•  Phillip L. Hammack (University of California, Santa Cruz) & Susan Opotow (CUNY): Discussants Concurrent Session IV (4:00 pm – 5:30 pm). Panel IV-A: Identity, Ideology, and Reasoning: Qualitative Inquiry in the Psychology of Self and Culture in Context

  •  Joseph Tennant (Chair, University of Chicago): “‘Let My Words Be Truth’: Differences in Moral Justification Between Atheists and Evangelical Christians and Their Implications for Moral Psychological Research”

  •  Gabriel Valez (University of Chicago): “The Universality of Human Rights in Civics Education: Psychological Assumptions in the Literature and a Hybridized Viewpoint Critique”

  •  Séamus A. Power (University of Chicago): “The Cultural Psychology of an Irish Recession: A Violent Past but a Peaceful Present”

  •  Ahmad Qadafi (University of Chicago): “Identity, Participation, and Cognition: How Identifying with Either Academics or Athletics Mediates Verbal Reasoning” Panel IV-B: Mental Health Resilience: Strategies for Emotional Wellness in Black Americans

    •  Zuleka Henderson (Howard University): “Using Dimensional Analysis to Understand How African American Teens Conceptualize and Approach Healing from Trauma”

    •  Babe Kawaii-Bogue (Chair, University of Michigan): “An Examination of Coping Strategies for Depression Among a Community Sample of Older, Church-Going, African American Men”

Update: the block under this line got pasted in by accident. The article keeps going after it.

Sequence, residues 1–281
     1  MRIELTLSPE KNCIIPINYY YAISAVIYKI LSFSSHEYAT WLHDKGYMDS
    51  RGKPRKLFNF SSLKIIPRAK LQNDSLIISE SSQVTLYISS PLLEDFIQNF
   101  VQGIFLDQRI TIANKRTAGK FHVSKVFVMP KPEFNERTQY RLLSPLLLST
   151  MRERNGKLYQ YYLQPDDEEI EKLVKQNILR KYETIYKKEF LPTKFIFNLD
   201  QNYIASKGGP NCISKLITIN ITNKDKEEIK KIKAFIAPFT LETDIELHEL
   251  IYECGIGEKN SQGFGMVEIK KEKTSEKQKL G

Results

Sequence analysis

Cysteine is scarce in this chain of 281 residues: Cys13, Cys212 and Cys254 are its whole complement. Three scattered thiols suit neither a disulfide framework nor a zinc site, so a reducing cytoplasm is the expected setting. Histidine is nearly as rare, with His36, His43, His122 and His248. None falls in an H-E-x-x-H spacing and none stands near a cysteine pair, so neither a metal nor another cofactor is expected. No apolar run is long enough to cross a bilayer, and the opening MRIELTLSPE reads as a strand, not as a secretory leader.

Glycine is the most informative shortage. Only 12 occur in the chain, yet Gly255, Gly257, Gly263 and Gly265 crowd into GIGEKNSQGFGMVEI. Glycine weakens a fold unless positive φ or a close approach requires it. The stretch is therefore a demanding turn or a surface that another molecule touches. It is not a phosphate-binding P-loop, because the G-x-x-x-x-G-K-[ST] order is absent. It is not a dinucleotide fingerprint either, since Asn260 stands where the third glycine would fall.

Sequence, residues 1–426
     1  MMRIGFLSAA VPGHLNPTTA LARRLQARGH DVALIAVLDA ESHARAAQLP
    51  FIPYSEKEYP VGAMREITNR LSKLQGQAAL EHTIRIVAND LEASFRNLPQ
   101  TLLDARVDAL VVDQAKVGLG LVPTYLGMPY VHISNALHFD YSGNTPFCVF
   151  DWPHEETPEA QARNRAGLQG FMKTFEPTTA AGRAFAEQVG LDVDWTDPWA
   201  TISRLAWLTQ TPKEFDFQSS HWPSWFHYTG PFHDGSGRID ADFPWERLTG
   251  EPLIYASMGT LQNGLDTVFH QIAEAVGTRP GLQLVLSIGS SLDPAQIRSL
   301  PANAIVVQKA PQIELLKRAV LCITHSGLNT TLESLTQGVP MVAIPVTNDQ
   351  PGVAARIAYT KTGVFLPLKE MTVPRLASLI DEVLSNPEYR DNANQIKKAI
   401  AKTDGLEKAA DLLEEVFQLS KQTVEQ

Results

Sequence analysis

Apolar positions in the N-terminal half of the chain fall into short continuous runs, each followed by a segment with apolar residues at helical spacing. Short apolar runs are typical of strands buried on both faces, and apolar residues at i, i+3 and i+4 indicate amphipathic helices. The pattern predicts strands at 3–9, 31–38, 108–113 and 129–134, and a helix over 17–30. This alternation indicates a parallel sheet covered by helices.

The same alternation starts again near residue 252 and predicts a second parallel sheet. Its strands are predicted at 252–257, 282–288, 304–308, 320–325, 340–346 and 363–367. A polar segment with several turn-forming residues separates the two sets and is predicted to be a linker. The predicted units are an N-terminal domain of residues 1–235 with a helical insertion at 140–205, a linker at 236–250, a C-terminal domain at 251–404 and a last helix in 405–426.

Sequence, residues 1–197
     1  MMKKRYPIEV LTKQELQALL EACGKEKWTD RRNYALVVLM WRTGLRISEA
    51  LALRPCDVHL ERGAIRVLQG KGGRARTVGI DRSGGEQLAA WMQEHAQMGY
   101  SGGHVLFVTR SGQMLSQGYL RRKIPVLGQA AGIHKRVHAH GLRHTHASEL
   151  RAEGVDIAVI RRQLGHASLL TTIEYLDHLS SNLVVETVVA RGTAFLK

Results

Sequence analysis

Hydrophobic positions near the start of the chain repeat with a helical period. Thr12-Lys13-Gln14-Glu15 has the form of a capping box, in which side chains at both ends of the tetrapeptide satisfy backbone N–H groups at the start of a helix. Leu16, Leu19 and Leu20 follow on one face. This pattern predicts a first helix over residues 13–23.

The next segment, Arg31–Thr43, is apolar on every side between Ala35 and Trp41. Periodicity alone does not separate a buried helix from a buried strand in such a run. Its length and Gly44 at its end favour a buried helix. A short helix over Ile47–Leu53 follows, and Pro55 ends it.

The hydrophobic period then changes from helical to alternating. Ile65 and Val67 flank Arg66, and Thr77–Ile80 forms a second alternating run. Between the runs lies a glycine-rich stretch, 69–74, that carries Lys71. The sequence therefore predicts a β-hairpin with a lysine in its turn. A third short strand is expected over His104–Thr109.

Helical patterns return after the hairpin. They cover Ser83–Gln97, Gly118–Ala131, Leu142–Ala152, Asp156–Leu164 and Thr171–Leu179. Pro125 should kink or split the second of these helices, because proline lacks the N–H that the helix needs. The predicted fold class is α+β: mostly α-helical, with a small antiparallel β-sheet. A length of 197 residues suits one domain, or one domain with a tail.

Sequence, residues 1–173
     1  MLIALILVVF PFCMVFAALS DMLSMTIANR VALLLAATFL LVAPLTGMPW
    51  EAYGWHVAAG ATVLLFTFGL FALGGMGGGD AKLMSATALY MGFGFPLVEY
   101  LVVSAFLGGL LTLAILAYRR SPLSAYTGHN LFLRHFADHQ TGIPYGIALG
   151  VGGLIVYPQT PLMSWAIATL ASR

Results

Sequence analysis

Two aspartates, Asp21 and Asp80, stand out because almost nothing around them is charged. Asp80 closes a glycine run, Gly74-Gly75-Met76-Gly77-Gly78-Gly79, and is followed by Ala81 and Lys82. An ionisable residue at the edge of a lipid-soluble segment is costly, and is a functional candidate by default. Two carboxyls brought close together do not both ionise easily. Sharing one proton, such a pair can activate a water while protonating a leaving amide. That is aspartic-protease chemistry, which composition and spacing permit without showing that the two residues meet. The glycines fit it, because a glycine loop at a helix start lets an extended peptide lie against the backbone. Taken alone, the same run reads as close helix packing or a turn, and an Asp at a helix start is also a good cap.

•  Quenette Walton (University of Illinois at Chicago): “Mental Health Resilience Among Middle- Class African American Women’s Experiences with Depression: Employing the Grounded Theory Method”

    •  Norissa Williams (CUNY): “A Caribbean American Case Study of Coping, Culture & Resilience” Panel IV-C: Psychoanalytic Contributions to Qualitative Inquiry: Navigating Transferences to Psychoanalysis In and Beyond the Clinic and Classroom

      •  Stephanie Swales (University of Dallas): “Lacanian Psychoanalysis as Anti-Psychologizing and Its Benefits for Teaching Qualitative Research”

      •  Marilyn Charles (The Austen Riggs Center): “In Another Tongue: Psychoanalysis and Reflective Function”

      •  Kristen Hennessy (Private Practice): “Fostering an Ethnographic Entourage: Lacanian Psychoanalytic Work in the Foster Care System”

      •  Amy Taylor (Chair, The Austen Riggs Center): “Autoethnographic Reflections on Self- Authorization and the Collaborative



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Panel IV-D: Speaking Back from the Margins: Incorporating Participant Marginalia in Survey and Interview Research

  •  Sara McClelland (Chair, University of Michigan); & Kathryn Holland (University of Michigan): “‘This Question Doesn’t Apply to Me’: Incorporating Marginalia in Survey Analysis – A Case of Study of the Female Sexual Function Index”

  •  Brett Stoudt (CUNY): “Analyzing the Quantitative Margins: Exploring the Potentiality of Unexpected Qualitative Data in the Margins of Community Surveys”

  •  Breanne Fahs (Arizona State University): “Methodological Mishaps and Slippery Subjects: Stories of First Sex, Oral Sex, and Sexual Trauma in Qualitative Sex Research” Closing Plenary Session (6:30 pm – 8:30 pm).

Methodological Innovations in Qualitative Inquiry with Marginalized Populations Joseph P. Gone (Chair, University of Michigan); Sunil Bhatia (Connecticut College), Michelle Fine (CUNY), Daniel B. Fishman (Rutgers University), Marco Gemignani (Duquesne University), & Cynthia Winston-Proctor (Howard University) 7